Deadly Twist Movie review: Turnabout is fairly unsuccessful in 'Copycat,' a bloody failure as a feminist statement.

October 27, 1995|By Stephen Hunter | Stephen Hunter,SUN FILM CRITIC

Some people love the hammer, and some don't. If you're of the former persuasion -- you like a movie that smacks you in the middle of the forehead for a couple of hours -- then you ought to place yourself under "Copycat's" steel mallet. It punishes far more effectively than it entertains.

Cleverly, the movie inverts masculine stereotypes. Uncleverly, it reinvents them as feminine stereotypes. Still, the switch is enough to give the film an illusion of freshness.

The burnt-out, used-up detective, suffering the DTs when awake and the nightmares of hell when asleep, hiding behind a thousand-yard stare and a fear of all outdoors, is usually played by a guy, beginning with Jimmy Stewart in "Vertigo." Here, unprecedentedly, it's played by Sigourney Weaver, 6 feet of quivering palpitation. She's so haunted she's like Ripley newly arrived on Earth after "Alien." Don't go boo around her Dr. Helen Hudson: She'll pop a vein.

What has Dr. Hudson so spooked is her decades-long submergence in the culture of serial killers, with interviews and best-selling books and lecture tours and other manifestations of cult celebrityhood to show for it. The killers, as a class not stupid, have in turn paid her the compliment of elevating her into their pin-up girl, their "muse," as she puts it contemptuously. So she's retired behind the closed door of her apartment, after a nasty boy named Daryll Lee Cullum (a frightening cracker well-played by Harry Connick Jr.) puts her in a stainless steel noose in a woman's bathroom and almost sends her on a swinging trip.

What stirs Hudson from her immobilization is the arrival, in her native San Francisco, of a new player. This one not only kills, but he kills in the form of his earlier masters, re-creating murder scenes from such classics of the genre as David Berkowitz, Jeffrey Dahmer and Albert DeSalvo. She and she alone is able to read the clues and offers her help to a police force that mistrusts her, because a cop died in that bathroom.

But the detective in charge is a woman -- M. J. Monahan, played with pluck by pluck specialist Holly Hunter -- who realizes that Dr. Hudson's insights are unique. Thus the script, by Ann Biderman and David Madsen, contrives an interesting conceit: Man who hates women (and kills them) is hunted by women -- one of whom can't leave her home -- even as he is hunting them.

And if she can't leave her home, how can we get the bad boy inside to toy with her off and on? Thank God for the Internet: By turning Dr. Hudson into a shut-in who only steps out into cyberspace, the film clears the way for electronic invasion by creep, one of "Copycat's" nastiest themes.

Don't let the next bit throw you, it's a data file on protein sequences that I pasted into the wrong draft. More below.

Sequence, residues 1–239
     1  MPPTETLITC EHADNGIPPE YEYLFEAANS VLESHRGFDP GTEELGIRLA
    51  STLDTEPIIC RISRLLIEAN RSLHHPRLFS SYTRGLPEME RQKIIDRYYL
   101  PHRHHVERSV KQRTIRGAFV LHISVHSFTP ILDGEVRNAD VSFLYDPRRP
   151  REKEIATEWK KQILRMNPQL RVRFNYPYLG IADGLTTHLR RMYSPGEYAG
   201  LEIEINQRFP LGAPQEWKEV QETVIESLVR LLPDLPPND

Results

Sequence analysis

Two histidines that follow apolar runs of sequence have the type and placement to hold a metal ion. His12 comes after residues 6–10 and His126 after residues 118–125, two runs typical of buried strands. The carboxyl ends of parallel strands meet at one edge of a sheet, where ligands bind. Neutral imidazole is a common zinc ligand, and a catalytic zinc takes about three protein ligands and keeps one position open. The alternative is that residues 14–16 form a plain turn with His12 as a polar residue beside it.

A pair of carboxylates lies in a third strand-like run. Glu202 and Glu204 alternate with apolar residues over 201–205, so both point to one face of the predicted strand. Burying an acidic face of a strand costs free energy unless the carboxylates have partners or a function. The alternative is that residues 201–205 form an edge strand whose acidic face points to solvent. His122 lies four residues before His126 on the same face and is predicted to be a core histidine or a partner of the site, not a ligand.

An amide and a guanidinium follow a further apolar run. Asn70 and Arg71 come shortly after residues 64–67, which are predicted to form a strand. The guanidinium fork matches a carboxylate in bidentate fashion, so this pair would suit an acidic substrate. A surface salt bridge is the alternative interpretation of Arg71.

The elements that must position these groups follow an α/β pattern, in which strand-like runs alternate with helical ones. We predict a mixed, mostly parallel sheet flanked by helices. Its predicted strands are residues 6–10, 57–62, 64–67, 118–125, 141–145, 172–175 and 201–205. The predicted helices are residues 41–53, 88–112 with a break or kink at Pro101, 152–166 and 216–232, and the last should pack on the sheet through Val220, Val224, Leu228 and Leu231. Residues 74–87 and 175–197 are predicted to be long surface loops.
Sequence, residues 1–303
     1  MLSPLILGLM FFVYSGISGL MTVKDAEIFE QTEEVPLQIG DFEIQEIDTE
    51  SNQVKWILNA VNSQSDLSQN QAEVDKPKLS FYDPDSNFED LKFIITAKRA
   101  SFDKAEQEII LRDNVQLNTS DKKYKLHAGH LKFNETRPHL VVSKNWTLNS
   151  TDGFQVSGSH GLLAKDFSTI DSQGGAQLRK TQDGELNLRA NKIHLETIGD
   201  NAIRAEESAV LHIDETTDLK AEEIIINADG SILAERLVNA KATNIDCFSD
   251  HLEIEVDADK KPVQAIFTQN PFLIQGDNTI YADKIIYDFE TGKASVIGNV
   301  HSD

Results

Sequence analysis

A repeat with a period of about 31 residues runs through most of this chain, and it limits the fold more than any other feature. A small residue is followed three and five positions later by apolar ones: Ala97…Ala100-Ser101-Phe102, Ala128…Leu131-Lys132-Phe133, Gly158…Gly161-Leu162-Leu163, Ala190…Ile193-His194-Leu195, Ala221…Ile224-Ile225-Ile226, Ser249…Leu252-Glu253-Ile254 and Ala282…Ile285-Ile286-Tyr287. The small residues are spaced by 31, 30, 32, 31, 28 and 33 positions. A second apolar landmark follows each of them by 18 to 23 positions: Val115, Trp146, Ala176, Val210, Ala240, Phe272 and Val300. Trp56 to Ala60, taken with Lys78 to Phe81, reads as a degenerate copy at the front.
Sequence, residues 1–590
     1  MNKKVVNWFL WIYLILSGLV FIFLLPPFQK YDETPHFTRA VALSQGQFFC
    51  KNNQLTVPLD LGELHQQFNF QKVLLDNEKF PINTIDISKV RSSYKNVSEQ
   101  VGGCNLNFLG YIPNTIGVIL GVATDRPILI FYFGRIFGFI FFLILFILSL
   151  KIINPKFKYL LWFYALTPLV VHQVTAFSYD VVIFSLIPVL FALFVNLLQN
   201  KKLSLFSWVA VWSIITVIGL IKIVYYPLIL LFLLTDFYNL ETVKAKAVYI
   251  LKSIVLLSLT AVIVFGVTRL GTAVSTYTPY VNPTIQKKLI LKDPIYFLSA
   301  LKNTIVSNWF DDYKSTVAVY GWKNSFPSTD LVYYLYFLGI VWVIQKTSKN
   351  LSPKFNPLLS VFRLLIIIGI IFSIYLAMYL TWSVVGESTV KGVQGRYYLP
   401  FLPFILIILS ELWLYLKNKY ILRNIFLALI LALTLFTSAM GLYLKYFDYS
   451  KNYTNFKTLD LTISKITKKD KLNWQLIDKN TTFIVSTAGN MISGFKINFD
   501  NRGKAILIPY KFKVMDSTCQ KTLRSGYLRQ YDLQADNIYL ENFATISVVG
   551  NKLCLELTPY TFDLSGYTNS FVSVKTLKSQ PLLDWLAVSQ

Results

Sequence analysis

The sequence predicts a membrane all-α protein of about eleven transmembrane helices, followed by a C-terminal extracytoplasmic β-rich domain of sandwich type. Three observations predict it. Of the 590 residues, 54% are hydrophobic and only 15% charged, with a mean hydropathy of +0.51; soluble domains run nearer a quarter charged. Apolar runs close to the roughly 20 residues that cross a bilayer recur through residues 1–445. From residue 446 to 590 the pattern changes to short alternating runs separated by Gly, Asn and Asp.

The movie also trafficks in a troubling paradox. It rightly invests moral authority in the pursuers and it pretends to hate what it uncovers about the darkness at the center of the male heart.

Hunter and Weaver are big stars and have happily been going on talk shows to puff the film, which they represent as a feminist document, in that it empowers women. Well, yes and no: It also jerks a secret geek thrill out of dis- empowering women by disemboweling them, in one of the most grotesque ways seen in a major film.

Almost hypocritically, it revels in the ritual of sado-masochism practiced against helpless females, and it treats us not just to women-in-jeopardy scenarios but the detritus of such encounters: crime-scene photos, autopsies, forensic reports and the like. It takes us to a tough universe loaded with female corpses.

The director is the Brit Jon Amiel, heretofore a stranger to these parts. He helmed "Sommersby," far more romantic and less gritty. He may be too much of a pictorialist: He photographs reality as if it's a theme park, turning San Francisco into a magical city and Weaver's apartment into an absolute paradise, but hardly a believable one. In fact, the lushness of the physical appearance of the film is meant to stress the squalor of the crimes, but it may work against it.

And the rip-offs will be apparent to everybody familiar with the genre. Connick's wise psycho is simply Hannibal Lecter gone cornpone, the long ending bit in the apartment is straight out of "Rear Window," and the exploding house thing is from "Manhunter." (What would this movie do without good ol' Thomas Harris, much less Hitchcock?)

A5 But the style is high, and the pace is hammering.

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